• Pro Polis (1993) was Haeussler's first hotel intervention, staged in a three-star Hotel near the Duomo in Milano,[loc 3] Italy. The walls, floor, window and all amenities of a guest room were covered with a thick layer of wax; the installation could be decoded as the activities of a stranded guest, a salesman in industrial materials perhaps, the room abandoned under obscure circumstances. Visitors obtained the key at the reception for an unsupervised experience of the space.[14] With this work Haeussler "reverses the canon of sculpture, in the spirit of the revolutionary sculptor Medardo Rosso, [...as she ...] raises the question of overcoming its intrinsic limitations".[15]
  • Monopati (2000), featured two apartments in two separate cities - Munich and Berlin, Germany. These were transformed into different narratives, but remained connected through a single picture of a school class, taken in the late 1930s that could be seen in both apartments. Visitors were able to obtain the key to the apartments at nearby galleries (Galerie Huber-Goueffon in Munich, Wohnmaschine in Berlin) and proceed on their own into the installation.
  • The Legacy of Joseph Wagenbach (2006) was Iris Haeussler's first major work in North America and her largest and most complex installation at that time. Curated by Rhonda Corvese and widely reviewed and acclaimed nationally and internationally,[16] this multilayered installation in an entire house in downtown Toronto[loc 4] recounts the life of an aged, reclusive artist, through the mediation of an on-site archivist (often Haeussler herself).[17][18] Initially, the project was not publicized as an artwork but presented as an assessment by the fictitious "Municipal Archives". Haeussler intended to facilitate an unfiltered and unhindered experience of discovery. The subsequent disclosure sparked controversy on the ethics of engaging uninformed visitors in an often emotional encounter with a fictional narrative that is initially presented as fact.[19] Canada's National Post ran the frontpage headline "Reclusive downtown artist a hoax"[20] which prompted Mark Kingwell to deconstruct this "miniature narrative of outrage" and to clarify that the transformation from fact to fiction in the visitor's experience was indeed central to the work.[1] Novelist Martha Baillie visited the assessment, trusting in the veracity of the presentation. She published an essay on her experience, noting that: "She'd had no right to lie to me", feeling anger and loss, yet finally conceding: "The Joseph Wagenbach I’d created in my mind, [...] nobody could take from me, not even Iris Haeussler. He was mine".[21]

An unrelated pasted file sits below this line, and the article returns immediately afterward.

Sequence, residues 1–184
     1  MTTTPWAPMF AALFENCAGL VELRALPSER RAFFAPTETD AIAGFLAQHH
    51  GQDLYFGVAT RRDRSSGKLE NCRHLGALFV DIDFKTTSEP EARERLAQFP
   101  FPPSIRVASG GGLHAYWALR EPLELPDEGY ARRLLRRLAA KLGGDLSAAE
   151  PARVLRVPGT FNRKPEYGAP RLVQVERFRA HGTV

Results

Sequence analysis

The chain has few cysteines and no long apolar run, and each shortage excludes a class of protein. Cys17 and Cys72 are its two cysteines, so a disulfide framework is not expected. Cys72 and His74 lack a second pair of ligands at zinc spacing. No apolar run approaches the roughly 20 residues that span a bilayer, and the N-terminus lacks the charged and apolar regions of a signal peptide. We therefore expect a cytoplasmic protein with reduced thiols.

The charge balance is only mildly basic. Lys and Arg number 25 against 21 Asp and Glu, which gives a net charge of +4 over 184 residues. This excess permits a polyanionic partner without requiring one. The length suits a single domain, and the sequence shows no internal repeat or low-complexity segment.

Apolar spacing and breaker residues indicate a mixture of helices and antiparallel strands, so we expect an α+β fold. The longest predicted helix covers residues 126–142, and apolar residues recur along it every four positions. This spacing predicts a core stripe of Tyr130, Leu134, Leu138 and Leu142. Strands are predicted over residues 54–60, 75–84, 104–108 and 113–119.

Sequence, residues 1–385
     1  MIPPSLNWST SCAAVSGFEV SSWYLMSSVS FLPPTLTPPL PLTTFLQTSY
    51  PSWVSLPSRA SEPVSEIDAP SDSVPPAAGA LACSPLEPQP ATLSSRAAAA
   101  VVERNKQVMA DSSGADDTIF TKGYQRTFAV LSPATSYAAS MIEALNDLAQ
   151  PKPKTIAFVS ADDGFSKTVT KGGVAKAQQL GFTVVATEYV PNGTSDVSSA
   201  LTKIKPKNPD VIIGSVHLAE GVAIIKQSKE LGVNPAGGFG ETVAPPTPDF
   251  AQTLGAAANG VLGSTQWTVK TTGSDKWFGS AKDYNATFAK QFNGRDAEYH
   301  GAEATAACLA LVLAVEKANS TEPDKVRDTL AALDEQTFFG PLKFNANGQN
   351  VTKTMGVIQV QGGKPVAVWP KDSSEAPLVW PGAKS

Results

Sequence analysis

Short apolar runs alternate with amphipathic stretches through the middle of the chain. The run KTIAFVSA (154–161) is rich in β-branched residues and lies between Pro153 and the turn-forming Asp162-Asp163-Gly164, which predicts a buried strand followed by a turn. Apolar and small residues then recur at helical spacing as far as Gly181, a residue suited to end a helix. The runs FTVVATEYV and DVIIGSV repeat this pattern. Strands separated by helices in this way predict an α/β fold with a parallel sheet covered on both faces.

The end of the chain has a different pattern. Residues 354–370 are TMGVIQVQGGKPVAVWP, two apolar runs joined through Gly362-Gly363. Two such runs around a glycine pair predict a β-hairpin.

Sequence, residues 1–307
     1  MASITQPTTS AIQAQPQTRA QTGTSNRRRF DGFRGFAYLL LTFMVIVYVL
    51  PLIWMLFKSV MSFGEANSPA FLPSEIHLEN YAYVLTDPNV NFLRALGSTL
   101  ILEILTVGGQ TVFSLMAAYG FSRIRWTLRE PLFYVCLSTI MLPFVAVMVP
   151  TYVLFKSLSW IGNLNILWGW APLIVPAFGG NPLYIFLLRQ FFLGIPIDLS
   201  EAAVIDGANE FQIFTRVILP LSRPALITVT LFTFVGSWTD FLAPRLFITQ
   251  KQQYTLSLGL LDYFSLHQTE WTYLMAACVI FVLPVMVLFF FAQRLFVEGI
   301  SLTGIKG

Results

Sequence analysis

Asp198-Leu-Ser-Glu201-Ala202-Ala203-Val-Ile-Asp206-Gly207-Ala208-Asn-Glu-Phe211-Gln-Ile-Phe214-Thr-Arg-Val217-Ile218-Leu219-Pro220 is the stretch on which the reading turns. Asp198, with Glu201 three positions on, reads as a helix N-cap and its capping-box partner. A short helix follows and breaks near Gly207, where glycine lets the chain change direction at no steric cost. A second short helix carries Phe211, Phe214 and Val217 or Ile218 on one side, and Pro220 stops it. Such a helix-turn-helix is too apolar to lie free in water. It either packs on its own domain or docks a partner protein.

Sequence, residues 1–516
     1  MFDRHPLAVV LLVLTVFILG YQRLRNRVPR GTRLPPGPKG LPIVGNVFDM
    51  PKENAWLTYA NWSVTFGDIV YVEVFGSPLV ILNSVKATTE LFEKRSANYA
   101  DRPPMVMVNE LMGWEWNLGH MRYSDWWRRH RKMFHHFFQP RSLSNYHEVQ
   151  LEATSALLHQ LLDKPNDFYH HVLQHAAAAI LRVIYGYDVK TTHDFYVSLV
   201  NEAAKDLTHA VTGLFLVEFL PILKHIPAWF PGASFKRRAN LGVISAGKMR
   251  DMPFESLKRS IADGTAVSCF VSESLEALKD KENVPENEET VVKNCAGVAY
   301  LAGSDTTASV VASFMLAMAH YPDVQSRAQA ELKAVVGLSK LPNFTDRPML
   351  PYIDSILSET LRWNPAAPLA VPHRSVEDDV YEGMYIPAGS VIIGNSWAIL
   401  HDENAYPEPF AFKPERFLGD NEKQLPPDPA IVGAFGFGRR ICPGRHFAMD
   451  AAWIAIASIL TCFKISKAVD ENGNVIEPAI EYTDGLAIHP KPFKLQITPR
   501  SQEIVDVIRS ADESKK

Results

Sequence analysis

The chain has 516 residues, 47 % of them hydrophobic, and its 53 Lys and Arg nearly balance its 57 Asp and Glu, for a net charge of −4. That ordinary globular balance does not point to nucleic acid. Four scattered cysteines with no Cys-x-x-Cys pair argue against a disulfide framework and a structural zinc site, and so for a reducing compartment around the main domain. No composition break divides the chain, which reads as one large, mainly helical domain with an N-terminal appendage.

• The Joseph Wagenbach Foundation marks Haeussler’s long-term projects, resuming from her 2006 installation and expanding Wagenbach’s legacy into a fictitious foundation. Launched officially at the Villa Toronto in January 2015, it offers small edition bronzes of a number of his sculptures and a drawing edition to the public. While the foundation works on digitizing his drawing and sculpture archive, and planning on the dissemination of his work and life, Haeussler states: “the Joseph Wagenbach Foundation is a fictitious foundation of a fictitious artist, but his works are real.”